Acting chief justice appointed for impeachment, Justice Walker lawyers up
CHARLESTON — The West Virginia Supreme Court of Appeals is preparing for impeachment by appointing a circuit judge to act as chief justice, and the newest justice has acquired legal counsel.
In a press release Thursday evening, Chief Justice Margaret Workman announced the appointment of Sixth Judicial Circuit Judge Paul Farrell as an acting justice to replace Justice Allen Loughry.
Farrell, who serves as a judge in Cabell County, will also serve as acting chief justice once the state Senate receives Monday one or all 14 articles of impeachment being considered by the House of Delegates.
“Court employees have received many inquiries about whether the work of the Court will continue as scheduled in the term that begins Sept. 5,” Workman said. “It will. The Court calendar is set and the docket will proceed as usual. Supreme Court Justices are Constitutionally required to keep the Court open and will continue to fulfill their Constitutional duties.”
Farrell was appointed to the Sixth Judicial Circuit by former Gov. Earl Ray Tomblin in 2011 and was elected in 2012.
All four remaining Supreme Court justices, including Workman, were charged Tuesday with articles of impeachment by the House Judiciary Committee. Justices Workman, Loughry, Robin Davis and Beth Walker were charged in 14 articles of impeachment for misuse of taxpayer dollars for expensive renovations, catered lunches, using state equipment for personal uses and violating state law for overpayment of senior status judges.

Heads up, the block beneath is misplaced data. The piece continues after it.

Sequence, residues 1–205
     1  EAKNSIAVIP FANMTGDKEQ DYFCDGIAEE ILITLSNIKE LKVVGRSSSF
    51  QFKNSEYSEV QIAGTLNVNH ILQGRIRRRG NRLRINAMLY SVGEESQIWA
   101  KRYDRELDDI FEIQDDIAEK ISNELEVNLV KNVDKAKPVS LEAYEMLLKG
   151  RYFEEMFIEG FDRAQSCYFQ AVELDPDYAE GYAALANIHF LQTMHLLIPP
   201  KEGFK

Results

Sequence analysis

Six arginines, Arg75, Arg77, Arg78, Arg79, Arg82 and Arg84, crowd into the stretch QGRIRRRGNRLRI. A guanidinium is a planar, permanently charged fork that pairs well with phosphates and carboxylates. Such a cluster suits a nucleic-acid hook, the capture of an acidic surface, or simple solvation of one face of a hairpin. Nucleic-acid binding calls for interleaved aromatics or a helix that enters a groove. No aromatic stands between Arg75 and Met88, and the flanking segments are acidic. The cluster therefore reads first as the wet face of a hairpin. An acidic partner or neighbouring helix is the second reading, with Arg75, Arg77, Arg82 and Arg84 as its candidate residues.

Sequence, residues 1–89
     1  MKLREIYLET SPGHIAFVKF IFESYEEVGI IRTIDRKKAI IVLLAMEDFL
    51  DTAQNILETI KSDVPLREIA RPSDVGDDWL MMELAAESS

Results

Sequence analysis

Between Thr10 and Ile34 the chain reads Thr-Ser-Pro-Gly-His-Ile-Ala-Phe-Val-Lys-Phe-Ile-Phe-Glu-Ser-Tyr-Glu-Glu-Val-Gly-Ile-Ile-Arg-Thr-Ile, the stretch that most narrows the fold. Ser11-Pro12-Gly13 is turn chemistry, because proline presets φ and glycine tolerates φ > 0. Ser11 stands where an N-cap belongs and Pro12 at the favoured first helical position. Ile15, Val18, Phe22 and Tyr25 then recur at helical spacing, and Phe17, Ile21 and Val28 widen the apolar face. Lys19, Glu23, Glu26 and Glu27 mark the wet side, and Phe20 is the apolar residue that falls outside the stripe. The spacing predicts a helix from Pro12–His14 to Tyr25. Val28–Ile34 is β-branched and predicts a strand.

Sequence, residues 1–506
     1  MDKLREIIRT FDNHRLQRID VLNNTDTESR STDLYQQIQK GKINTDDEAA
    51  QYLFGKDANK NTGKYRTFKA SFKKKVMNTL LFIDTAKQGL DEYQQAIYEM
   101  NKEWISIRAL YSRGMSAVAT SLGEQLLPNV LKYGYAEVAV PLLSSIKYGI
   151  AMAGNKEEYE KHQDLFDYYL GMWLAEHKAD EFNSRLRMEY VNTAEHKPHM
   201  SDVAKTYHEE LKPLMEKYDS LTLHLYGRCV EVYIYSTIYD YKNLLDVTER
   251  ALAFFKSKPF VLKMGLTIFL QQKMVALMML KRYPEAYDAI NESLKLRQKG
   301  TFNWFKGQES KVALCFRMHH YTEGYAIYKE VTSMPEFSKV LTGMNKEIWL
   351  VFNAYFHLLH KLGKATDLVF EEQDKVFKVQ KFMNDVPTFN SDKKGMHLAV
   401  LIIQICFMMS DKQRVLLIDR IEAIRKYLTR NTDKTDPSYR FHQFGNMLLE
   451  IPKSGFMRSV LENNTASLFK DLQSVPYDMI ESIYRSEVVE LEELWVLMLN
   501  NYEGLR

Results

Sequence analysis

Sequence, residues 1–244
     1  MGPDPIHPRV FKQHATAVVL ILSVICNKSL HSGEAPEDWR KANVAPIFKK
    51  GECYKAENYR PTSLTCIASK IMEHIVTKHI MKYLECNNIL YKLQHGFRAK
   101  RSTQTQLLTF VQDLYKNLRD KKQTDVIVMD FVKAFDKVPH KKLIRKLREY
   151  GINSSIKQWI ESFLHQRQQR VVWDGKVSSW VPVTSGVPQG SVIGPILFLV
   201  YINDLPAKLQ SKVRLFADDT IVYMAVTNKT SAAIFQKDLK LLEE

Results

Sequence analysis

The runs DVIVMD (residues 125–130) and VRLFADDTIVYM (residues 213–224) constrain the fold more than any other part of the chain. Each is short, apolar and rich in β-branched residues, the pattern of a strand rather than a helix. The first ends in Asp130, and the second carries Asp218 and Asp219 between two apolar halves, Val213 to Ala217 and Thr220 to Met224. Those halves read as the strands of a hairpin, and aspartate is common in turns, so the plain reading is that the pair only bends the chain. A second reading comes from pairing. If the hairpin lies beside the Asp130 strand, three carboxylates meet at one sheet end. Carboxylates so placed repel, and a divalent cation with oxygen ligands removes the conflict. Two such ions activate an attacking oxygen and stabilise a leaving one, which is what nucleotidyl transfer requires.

If approved by the house, the senate would sit as jury as impeachment managers from the house present the case for removing all the justices from office.
The state constitution requires the Chief Justice of the Supreme Court to preside over the impeachment trial, but since Workman is also accused in multiple articles of impeachment and the remaining justices are also facing impeachment, Farrell’s temporary appointment to the bench would allow him to sit as acting chief justice for the impeachment process.
Walker, who has only been on the bench since January 2017, has hired the law firm of Hissam, Forman, Donovan and Ritchie to represent her during the impeachment trial.
“Since joining the Court in 2017, Beth has been nothing but fair to everyone who has come before her,” said J. Zak Ritchie and Ryan Donovan in a statement. “The House of Delegates has an important job to do, and we trust that they will be equally fair to Beth in reviewing all the facts before moving forward on any articles against her.”
Loughry was suspended without pay last month by a three-judge panel. He faces a 23-count federal indictment and a 32-count complaint from the state Judicial Investigation Commission for using his office for personal gain and lying to lawmakers and federal investigators.
Former Justice Menis Ketchum, who resigned July 27, also faces one felony count of wire fraud in a federal information brought against him July 31. The U.S. Attorney’s Office for Southern West Virginia announced a plea deal with Ketchum, who is charged with using state vehicles and fuel cards for personal golf outings to Virginia. A plea hearing has been set Aug. 23 for Ketchum.